A hair follicle is a pocket within the skin from which an individual hair grows. Each follicle's root has a sensory nerve fiber, which alerts the body when the hair has been pulled or irritated. Follicles also contain a sebaceous gland, which produces oil to condition the hair and nearby skin [source: Berman].
Bacterial Skin Infection Symptoms
Bacteria are responsible for causing a range of unsightly skin conditions, including cellulitis, folliculitis, impetigo, and boils and carbuncles, but these conditions are usually fairly easy to spot. Boils, redness, rashes and other irritation on the skin's surface might mean you need to seek medical attention.
Cellulitis forms deep in the skin's layers and can cause skin to swell, turn red and be warm and tender [source: Mayo Clinic]. Symptoms usually surface in the legs, fingers, toes, face, feet, hands, torso, neck and buttocks, but can occur anywhere [source: Stulberg]. Infection signs include swelling, bruising, chills and overall weakness. If you have more severe symptoms, including a large area of infected skin, fever, numbness, or infection near your eyes or ears, or if you have HIV or diabetes, consult a doctor as soon as you suspect an infection [source: University of Virginia Health System].
Small, white lumps around hair follicles can be a sign of folliculitis. These bumps also may begin as sore, red lumps but can become more serious if they take over a large area of skin. The blisters eventually fill with pus and break open, which can cause scarring [source: Mayo Clinic].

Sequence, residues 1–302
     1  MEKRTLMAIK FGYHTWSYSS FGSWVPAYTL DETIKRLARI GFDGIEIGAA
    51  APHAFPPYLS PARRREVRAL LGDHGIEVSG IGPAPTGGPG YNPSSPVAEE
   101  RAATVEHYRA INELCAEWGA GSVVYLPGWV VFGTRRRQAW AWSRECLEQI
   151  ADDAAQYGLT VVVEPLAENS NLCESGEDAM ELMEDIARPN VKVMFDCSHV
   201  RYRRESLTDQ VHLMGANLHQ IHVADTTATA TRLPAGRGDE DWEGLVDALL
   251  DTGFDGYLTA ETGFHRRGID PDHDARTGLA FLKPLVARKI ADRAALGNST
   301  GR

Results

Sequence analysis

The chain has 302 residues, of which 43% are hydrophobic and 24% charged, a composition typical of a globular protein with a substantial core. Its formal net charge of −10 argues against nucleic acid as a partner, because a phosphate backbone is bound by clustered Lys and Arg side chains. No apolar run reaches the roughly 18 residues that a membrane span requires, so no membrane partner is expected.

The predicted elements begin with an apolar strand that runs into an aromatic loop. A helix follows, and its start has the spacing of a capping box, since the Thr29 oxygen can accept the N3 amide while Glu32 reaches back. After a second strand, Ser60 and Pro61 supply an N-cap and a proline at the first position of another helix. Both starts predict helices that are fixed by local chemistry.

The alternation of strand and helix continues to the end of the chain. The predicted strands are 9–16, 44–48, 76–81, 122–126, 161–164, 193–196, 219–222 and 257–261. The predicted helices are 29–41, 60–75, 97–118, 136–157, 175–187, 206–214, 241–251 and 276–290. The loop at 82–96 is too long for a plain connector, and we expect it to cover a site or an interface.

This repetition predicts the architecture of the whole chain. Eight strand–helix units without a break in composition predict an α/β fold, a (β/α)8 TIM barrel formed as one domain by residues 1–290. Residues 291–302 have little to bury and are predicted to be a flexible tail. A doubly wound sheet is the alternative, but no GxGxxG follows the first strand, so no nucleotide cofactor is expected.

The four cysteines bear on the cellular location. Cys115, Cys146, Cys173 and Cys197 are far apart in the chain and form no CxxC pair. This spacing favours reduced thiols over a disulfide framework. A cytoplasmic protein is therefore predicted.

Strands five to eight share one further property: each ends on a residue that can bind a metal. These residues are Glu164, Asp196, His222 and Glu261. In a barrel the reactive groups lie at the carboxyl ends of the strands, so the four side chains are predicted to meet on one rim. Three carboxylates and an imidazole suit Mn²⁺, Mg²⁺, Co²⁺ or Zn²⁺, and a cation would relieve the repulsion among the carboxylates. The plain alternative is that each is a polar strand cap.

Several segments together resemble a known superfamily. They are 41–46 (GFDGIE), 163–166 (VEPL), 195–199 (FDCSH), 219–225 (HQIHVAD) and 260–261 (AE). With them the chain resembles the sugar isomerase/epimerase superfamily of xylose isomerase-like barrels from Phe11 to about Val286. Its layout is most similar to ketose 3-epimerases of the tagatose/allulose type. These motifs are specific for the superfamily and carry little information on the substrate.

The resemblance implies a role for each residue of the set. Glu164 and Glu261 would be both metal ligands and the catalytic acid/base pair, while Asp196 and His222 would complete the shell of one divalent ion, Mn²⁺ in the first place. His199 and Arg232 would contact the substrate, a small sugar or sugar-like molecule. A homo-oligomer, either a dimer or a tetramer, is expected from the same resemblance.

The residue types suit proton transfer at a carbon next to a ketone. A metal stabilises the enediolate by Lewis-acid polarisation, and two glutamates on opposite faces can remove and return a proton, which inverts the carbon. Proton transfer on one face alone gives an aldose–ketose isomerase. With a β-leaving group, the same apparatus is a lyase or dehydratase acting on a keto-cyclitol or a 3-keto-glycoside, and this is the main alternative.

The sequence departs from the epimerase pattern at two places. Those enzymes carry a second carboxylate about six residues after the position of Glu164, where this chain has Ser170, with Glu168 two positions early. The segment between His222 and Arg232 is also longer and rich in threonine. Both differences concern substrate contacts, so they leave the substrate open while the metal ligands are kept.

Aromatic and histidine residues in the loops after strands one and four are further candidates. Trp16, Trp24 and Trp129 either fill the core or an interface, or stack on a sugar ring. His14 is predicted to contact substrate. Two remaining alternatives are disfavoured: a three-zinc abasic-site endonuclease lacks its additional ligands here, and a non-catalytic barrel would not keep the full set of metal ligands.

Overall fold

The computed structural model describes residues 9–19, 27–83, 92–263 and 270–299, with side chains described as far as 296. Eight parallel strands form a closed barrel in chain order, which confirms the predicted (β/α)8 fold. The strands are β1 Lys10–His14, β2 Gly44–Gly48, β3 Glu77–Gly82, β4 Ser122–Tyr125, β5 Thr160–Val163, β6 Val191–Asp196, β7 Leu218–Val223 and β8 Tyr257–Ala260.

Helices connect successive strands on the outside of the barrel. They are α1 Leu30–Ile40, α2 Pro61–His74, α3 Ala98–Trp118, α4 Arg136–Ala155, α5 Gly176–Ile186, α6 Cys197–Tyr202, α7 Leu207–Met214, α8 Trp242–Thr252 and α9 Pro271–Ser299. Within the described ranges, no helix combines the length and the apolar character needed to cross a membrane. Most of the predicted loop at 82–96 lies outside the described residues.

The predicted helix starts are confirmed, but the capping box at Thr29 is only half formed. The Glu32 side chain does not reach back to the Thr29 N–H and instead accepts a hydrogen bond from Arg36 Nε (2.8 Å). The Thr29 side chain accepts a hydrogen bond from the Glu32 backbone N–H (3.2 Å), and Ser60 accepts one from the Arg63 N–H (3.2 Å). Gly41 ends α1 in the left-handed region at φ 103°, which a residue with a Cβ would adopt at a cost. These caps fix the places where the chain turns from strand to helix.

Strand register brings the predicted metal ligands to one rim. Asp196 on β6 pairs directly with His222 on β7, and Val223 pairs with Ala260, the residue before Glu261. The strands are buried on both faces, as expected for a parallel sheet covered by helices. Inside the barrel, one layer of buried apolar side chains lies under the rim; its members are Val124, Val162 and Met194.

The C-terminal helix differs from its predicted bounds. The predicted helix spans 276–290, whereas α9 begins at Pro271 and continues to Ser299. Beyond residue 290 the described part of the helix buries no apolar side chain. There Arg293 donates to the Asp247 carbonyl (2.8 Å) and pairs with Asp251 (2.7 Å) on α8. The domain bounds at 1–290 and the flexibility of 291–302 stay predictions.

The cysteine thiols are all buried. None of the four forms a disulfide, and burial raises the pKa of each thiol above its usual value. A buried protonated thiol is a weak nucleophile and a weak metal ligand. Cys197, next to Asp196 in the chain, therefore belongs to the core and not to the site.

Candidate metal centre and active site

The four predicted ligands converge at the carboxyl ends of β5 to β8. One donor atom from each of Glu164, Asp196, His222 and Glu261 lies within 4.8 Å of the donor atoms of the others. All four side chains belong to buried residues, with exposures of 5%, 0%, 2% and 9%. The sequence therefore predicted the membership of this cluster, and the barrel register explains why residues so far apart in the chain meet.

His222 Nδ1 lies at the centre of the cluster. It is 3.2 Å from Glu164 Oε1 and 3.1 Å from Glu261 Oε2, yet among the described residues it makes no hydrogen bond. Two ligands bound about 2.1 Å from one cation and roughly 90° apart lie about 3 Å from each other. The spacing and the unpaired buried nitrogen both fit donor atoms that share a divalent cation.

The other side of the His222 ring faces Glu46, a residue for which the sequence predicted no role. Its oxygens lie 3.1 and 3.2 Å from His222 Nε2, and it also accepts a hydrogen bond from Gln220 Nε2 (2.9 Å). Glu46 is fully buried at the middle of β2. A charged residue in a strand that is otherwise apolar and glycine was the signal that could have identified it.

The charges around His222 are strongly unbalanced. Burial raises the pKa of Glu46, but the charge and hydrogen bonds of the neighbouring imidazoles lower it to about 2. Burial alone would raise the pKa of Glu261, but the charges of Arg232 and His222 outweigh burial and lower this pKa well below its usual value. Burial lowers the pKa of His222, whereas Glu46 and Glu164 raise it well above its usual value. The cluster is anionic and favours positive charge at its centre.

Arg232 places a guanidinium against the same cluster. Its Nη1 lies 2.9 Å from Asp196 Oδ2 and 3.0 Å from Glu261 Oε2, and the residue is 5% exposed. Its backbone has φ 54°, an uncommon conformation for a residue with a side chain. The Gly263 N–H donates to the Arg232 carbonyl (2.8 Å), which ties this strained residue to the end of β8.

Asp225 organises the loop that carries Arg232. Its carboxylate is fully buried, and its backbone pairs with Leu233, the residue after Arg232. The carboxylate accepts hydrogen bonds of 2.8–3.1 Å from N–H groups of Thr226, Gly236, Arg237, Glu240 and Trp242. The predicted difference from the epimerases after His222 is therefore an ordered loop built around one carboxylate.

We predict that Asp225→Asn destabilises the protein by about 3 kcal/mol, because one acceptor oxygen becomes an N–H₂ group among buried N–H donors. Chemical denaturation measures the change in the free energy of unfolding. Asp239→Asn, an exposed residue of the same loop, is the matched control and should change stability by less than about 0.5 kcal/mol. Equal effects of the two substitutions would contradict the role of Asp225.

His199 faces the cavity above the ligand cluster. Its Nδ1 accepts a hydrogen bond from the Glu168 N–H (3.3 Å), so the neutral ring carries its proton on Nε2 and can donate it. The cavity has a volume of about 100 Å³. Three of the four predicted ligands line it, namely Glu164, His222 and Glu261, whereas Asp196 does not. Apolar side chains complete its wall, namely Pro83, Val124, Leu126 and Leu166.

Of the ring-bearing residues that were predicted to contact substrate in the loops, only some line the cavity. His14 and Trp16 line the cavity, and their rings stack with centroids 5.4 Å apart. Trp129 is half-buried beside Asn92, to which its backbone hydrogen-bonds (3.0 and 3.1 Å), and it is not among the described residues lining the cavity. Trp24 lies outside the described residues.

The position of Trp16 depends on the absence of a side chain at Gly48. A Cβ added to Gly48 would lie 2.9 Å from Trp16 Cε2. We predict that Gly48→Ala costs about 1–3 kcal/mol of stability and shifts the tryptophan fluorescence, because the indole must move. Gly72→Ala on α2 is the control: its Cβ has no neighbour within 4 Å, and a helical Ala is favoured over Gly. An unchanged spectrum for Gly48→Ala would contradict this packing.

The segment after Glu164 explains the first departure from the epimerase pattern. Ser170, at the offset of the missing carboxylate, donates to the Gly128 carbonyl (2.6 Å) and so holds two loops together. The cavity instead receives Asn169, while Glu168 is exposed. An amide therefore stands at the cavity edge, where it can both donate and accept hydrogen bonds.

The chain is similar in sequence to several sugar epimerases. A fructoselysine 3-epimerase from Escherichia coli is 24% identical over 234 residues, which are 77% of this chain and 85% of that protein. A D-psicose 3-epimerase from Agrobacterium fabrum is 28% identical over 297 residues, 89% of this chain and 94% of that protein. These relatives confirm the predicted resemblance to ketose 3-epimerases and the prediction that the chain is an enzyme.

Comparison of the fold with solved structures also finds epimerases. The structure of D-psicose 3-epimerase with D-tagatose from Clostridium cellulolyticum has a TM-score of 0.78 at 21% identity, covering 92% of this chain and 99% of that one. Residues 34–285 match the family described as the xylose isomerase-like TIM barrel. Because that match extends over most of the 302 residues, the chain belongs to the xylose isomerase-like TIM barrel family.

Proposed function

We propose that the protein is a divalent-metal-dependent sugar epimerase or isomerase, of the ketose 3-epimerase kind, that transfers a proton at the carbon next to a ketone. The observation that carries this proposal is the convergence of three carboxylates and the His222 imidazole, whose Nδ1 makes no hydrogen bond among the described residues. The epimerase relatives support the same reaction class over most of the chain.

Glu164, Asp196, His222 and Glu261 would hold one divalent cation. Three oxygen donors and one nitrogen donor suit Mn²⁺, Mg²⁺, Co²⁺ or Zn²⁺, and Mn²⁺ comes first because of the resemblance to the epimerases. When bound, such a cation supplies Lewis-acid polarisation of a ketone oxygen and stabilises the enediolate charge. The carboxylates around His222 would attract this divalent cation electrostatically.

Signs that you may have impetigo include sores, usually found around the nose or mouth, that begin as red spots and progress to larger, itchy blisters. These sores can become a concern if they continue to increase in size and number [source: WebMD]. Once they break open, the sores may form a yellow-brown crust.
Boils and carbuncles begin as red lumps that grow larger and fill with pus before breaking open and draining. A boil, or furuncle, is a bacterial infection in a hair follicle. A group of these that form a connected area of infection is called a carbuncle [source: Mayo Clinic]. Boils are frequently found on the face, neck, armpits, buttocks or thighs. Carbuncles, frequently found on the back of the neck, shoulders or thighs, result in a deeper, more severe infection. Consult a doctor if you have boils that are on your face or spine, occur frequently or with a fever, or aren't showing signs of healing, or if you have red lines on your skin around the boil.
Concerned about catching an infection? Read on to discover ways to protect your skin from potential problems.